Regulatory compliance-related questions that management and the board would typically consider in this step could include:
- Has the product or service been reviewed for compliance with applicable federal and state laws?
- Has the product been reviewed from a consumer fairness standpoint?
- Will an application or notice need to be filed with our federal or state regulator(s), and, if so, do we have the necessary information to submit with the application? How will that affect our lead time?
- Will the new product or service affect our BSA/AML risk profile?
- Will we use third-party vendors for any aspect of the new product or service? If so, do we have a sufficiently robust vendor management and oversight process to ensure that the vendor complies with all applicable laws and regulations?
Financial Costs and Benefits
Community bankers are adept at conducting financial analysis of borrowers, and the same rigor can be applied to the financial analysis of proposed products and services. It is useful to challenge the financial assumptions underpinning the new product analysis, considering scenarios where customer adoption and sales are less than expected or certain key costs are higher than expected. Sometimes even seemingly minor variances in key assumptions can significantly affect profitability. It is also important to document the analysis and provide a record for back-testing.
After completing the cost-benefit analysis, management and the board would typically consider the following questions:
- Do the assumptions underlying the financial analysis appear reasonable?
- Does the financial analysis adequately capture scenarios other than the best or most likely scenario? Can we live with those alternative outcomes?
- Have all assumptions and projections been documented and can they be back-tested?
Bringing It All Together
After the proposed product or service has passed the strategic fit test, the risks and regulatory compliance issues have been identified and evaluated, and the numbers have been crunched, management and the board are faced with two final questions:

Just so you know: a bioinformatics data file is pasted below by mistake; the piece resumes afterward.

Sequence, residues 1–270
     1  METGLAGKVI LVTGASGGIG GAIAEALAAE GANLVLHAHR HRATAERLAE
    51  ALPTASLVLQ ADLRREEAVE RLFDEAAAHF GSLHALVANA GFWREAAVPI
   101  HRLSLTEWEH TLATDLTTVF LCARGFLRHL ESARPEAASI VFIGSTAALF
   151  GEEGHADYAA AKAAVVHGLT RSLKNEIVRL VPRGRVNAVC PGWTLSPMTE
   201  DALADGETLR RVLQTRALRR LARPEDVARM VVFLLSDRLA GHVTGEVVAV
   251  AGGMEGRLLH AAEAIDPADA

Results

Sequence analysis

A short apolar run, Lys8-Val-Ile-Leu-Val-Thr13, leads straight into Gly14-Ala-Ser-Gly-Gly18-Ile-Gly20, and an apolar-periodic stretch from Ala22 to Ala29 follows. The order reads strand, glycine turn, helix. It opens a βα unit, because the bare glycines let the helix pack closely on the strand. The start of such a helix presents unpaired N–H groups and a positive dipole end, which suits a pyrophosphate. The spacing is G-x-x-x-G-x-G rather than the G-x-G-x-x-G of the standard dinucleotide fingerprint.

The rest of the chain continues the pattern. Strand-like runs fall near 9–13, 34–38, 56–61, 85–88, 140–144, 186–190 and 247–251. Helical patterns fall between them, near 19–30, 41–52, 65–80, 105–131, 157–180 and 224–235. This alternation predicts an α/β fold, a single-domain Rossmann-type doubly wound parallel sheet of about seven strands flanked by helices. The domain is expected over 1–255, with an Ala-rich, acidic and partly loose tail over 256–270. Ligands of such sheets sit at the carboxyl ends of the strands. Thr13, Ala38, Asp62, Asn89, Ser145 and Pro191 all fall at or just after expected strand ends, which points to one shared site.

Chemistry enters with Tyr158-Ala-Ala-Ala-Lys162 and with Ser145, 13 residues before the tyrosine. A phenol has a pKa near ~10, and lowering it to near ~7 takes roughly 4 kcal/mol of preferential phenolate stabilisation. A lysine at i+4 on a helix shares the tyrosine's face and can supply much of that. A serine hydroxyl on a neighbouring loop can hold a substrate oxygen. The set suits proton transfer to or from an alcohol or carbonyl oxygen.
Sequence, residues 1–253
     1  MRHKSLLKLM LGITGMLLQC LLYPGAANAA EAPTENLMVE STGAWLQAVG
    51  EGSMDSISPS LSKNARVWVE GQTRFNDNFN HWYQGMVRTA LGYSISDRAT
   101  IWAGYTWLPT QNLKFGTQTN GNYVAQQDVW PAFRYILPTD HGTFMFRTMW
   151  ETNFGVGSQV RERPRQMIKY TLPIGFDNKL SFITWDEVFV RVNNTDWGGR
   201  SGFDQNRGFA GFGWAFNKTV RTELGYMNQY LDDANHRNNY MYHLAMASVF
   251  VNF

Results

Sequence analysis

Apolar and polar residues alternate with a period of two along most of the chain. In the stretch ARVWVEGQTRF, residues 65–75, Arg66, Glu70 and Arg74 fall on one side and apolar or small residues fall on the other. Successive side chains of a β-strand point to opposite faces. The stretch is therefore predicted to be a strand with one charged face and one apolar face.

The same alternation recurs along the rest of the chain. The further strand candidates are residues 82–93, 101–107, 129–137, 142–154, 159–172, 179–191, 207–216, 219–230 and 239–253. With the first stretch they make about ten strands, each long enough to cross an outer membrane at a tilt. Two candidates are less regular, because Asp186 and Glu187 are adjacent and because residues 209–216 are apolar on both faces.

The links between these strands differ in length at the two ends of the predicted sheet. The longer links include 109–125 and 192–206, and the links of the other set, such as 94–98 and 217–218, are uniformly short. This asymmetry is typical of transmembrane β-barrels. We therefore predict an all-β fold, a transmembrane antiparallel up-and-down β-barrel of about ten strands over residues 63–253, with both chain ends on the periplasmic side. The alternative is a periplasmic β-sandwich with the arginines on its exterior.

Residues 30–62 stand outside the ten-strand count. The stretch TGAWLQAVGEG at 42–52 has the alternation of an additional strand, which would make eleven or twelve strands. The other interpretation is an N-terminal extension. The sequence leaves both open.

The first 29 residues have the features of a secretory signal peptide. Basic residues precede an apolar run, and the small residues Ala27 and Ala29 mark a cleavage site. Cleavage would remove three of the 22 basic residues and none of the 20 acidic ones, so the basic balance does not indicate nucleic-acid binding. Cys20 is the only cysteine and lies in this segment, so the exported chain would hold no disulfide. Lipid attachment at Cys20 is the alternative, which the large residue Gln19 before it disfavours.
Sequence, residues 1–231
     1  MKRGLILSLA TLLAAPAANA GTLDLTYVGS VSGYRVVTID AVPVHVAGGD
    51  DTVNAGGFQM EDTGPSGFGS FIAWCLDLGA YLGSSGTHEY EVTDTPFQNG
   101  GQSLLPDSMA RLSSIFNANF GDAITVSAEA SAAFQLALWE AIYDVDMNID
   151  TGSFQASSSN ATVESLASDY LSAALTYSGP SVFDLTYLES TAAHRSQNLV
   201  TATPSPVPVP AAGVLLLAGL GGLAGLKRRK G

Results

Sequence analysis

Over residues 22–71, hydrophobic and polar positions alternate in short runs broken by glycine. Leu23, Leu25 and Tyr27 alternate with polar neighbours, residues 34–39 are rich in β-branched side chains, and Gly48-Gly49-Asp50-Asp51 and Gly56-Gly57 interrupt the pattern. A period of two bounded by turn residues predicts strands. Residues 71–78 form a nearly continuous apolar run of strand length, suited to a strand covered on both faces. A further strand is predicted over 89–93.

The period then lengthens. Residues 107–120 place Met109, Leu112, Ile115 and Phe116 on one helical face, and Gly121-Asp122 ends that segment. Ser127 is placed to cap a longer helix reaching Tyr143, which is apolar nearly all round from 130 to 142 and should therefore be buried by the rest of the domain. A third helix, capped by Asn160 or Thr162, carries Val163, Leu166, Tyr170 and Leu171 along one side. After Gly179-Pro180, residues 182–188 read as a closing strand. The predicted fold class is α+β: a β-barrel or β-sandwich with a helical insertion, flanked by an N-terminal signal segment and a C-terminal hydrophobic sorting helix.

- Do we thoroughly understand the purpose, risks, and benefits of this product or service?
- Do the potential benefits, both financial and nonfinancial, associated with the new product or service outweigh the costs of (i) developing, providing, and servicing the proposed product or service; (ii) mitigating the identified risks; and (iii) complying with applicable laws and regulations?
If the answer to either question is "no," then the disciplined new product review process may have saved the management team and board much financial and risk mitigation pain further down the road. As Steve Jobs once noted, "Deciding what not to do is as important as deciding what to do. That is true for the companies, and it’s true for products."2 But if the answer to both questions is "yes," then it’s time to move forward!
Over my many years in bank supervision, I have found that community banks are most successful when they connect with their customers and communities and provide value-added products and services that are both consistent with their mission and needed by their customers. While the prolonged economic recovery may be placing inordinate pressure on banks’ earnings, taking a long-term strategic focus rather than just following the pack when considering new products and services should help ensure the continued viability of the community banking model.
Back to top
- 1 An article titled "Vendor Risk Management" was published in the First Quarter 2011 issue of Consumer Compliance Outlook at www.philadelphiafed.org/bank-resources/publications/consumer-compliance-outlook/2011/first-quarter/vendor-risk-management.cfm. In addition, a webinar presented on May 2, 2012, through Outlook Live titled "Vendor Risk Management -Compliance Considerations," can be viewed at www.philadelphiafed.org/bank-resources/publications/consumer-compliance-outlook/outlook-live/2012/vendor-risk-management.cfm.
- 2 Walter Isaacson, "The Real Leadership Lessons of Steve Jobs," Harvard Business Review (April 2012), available at www.hbr.org/2012/04/the-real-leadership-lessons-of-steve-jobs/.
- The author would like to thank Tracy Basinger, Cynthia Course, and Ariane Smith of the Federal Reserve Bank of San Francisco for their contributions to this article.